By David Mullins
Let us imagine for a moment that An Taoiseach, Leo Varadkar, was invited to a meeting with the Irish Catholic Bishops’ Conference. The point of this meeting is to discuss how they can urge all citizens to engage in the European political debate and to vote with responsibility to protect and promote the common good.
Now let us imagine that during the course of that hypothetical meeting, the Taoiseach is reported to have made the following remarks: “I am a fervent advocate of the social doctrine of the Church. It is one of the most noble teachings of our Church. All of this is part of a doctrine that Europe does not apply often enough. I would like us to rediscover the values and guiding principles of the social teaching of the Church”.
Needless to say, few words could be more calculated to raise the hackles of the Irish political commentariat; or for that matter, the vast majority of the Irish political class. Indeed, it would not be a stretch to imagine the howls of scandalised outrage that would ensue, as conspiratorial fears about a threatened dissolution of the Church-State divide fill the airwaves.
Fortunately for all those ‘progressives’ among us who are currently running for the smelling salts; no sentiments of this kind are ever likely to be spoken by the Taoiseach or indeed any political leader in this State for some considerable time to come.
The above words were actually uttered, and by someone who is far more important than our Taoiseach, namely Jean-Claude Juncker, President of the European Commission.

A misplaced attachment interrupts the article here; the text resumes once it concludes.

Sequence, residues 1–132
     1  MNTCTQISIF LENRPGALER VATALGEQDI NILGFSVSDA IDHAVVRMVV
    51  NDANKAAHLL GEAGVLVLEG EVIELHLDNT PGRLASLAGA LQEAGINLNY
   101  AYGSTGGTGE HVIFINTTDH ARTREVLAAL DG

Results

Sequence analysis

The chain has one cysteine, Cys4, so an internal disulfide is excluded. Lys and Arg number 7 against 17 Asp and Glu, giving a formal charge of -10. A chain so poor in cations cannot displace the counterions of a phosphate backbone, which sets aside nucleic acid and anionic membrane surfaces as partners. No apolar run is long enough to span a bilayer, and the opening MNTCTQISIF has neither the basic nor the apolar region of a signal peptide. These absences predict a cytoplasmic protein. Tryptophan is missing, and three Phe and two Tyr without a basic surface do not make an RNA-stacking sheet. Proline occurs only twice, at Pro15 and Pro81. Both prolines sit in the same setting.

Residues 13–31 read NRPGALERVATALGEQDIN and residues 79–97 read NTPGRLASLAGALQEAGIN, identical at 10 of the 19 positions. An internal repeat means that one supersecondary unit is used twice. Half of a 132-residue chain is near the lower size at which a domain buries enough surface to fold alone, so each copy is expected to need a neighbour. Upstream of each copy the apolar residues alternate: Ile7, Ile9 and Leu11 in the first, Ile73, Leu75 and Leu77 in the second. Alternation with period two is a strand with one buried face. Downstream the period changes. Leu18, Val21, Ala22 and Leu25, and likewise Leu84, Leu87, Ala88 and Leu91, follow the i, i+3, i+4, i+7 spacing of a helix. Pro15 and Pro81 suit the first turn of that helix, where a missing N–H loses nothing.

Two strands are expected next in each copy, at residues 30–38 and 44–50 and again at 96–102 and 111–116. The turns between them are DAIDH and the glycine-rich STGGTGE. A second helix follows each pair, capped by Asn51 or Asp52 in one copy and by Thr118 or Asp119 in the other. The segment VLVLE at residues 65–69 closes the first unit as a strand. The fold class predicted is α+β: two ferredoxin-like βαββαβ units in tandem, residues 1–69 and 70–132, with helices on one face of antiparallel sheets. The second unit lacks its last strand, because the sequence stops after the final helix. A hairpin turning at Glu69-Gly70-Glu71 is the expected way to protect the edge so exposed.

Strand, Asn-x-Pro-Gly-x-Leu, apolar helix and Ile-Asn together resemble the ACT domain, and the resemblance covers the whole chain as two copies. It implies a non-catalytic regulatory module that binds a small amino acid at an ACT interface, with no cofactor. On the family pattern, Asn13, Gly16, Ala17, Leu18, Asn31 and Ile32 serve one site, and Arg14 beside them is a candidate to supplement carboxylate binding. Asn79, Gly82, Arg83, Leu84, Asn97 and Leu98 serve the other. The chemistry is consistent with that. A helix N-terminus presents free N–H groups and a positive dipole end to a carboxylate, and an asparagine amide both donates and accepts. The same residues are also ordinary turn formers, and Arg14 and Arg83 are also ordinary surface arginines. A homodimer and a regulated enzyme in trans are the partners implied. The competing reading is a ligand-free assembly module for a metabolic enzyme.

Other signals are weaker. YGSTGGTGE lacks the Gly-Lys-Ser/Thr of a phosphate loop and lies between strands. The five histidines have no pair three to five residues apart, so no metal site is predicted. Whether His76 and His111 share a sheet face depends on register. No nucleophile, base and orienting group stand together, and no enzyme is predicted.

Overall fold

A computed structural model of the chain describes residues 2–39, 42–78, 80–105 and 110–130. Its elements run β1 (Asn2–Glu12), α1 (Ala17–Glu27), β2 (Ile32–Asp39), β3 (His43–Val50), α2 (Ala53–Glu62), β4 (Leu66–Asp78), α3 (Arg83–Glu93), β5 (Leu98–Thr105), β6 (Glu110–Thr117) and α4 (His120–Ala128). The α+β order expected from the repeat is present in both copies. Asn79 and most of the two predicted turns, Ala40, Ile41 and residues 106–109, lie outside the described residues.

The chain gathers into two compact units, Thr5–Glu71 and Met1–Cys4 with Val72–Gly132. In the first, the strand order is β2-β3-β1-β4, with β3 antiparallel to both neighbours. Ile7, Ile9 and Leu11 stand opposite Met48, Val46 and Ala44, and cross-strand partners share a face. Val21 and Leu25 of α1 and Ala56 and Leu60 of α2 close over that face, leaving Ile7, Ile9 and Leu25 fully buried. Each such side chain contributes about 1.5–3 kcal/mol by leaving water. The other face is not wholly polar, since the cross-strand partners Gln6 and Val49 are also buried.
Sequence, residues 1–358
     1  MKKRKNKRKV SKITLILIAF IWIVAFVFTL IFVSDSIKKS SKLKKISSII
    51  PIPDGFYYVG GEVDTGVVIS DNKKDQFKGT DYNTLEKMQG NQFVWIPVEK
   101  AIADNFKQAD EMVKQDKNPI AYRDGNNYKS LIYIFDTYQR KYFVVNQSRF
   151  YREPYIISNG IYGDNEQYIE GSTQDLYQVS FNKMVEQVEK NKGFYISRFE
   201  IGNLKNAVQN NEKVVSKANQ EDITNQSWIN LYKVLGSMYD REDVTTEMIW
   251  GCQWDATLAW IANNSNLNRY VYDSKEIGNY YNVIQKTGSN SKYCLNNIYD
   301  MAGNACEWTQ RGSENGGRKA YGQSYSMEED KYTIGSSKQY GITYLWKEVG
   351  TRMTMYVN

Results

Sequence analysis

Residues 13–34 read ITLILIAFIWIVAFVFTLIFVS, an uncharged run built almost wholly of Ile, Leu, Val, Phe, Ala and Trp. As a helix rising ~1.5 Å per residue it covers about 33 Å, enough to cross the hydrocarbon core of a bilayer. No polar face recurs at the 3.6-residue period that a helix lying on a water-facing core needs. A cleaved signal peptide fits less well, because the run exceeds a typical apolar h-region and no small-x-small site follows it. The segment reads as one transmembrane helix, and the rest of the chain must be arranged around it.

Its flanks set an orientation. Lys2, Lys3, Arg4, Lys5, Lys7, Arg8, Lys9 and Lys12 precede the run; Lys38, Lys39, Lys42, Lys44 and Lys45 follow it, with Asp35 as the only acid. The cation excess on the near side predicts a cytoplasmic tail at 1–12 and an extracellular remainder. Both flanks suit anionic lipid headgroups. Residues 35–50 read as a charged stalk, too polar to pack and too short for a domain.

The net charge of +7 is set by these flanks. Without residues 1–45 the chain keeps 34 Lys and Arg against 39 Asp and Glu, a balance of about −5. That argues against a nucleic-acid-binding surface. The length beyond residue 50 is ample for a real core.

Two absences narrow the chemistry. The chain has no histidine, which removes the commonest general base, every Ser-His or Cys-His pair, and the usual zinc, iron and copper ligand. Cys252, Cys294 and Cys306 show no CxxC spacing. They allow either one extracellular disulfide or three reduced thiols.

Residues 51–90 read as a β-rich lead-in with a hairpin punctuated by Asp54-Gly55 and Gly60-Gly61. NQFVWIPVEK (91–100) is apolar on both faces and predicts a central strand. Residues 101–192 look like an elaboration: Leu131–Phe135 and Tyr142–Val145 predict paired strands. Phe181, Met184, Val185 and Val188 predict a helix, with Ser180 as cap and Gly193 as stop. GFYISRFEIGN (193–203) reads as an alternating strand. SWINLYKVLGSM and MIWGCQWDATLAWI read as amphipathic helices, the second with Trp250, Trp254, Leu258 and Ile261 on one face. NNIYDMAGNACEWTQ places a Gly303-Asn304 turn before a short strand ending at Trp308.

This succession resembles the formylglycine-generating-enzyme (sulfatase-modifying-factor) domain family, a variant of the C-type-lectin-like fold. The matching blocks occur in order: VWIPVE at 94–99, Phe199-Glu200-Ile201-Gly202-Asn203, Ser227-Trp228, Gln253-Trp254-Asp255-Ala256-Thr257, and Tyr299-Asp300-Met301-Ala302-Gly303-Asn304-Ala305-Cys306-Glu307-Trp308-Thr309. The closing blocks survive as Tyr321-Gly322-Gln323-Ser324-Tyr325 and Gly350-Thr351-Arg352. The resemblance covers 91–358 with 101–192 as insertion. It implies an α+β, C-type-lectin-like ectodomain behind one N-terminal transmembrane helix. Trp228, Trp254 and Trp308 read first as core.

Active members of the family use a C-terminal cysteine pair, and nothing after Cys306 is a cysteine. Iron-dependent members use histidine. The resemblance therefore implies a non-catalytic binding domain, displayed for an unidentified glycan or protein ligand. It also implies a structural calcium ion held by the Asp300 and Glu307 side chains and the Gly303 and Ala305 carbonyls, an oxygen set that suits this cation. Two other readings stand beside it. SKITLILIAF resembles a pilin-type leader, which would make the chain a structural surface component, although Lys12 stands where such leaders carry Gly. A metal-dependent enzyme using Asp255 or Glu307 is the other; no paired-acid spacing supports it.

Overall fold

He said them yesterday on the occasion of the 2019 Spring Assembly of the Bishops of the European Union.
President Juncker’s freedom and willingness to make these kinds of remarks about Catholic social teaching is all the more striking when you compare it to the suffocating existential dread that haunts our own political class when it comes to all things Church.
The de facto position here is to give a few nods to the Church’s ongoing charitable service before getting down to the real business of energetic, highly moralised political finger wagging. The fact that our own politicians fail to apply a properly discriminating and just analysis to the Church’s message highlights the poverty at the heart of our own political discourse.
It is of course true to say that since 2007 a process of structured dialogue between Government, Churches and faith communities has been in place, even it is only very rarely occurs. What this obscures, however, is the degree to which the State has offered these meetings as some kind of concession, instead of a genuinely collaborative and vitally necessary social partnership.
For a hint of why a healthy relationship between Church and State is vital and why it is not just some optional add on, we need only consider the question posed by Ernst Wolfgang Bockenforde, who was once a member of Germany’s Federal Constitutional Court: “Does the free, secularised State exist on the basis of normative presuppositions that it itself cannot guarantee?”
Again, President Juncker’s remarks point toward a welcome recognition that we need to engage with this type of question; an engagement that is so sorely lacking within the Irish political context. What we have instead committed ourselves to is a series of political fictions which seek to either erase or distort the authentic root of ‘European values’ i.e, the Christian faith.
This is what Joseph Ratzinger alluded to when he said: “The affirmation that the mention of the Christian roots of Europe injures the sentiments of many non-Christians who are in Europe, is not very convincing, given that it relates, first of all, to an historical fact that no one can seriously deny.”
Yet deny it we do.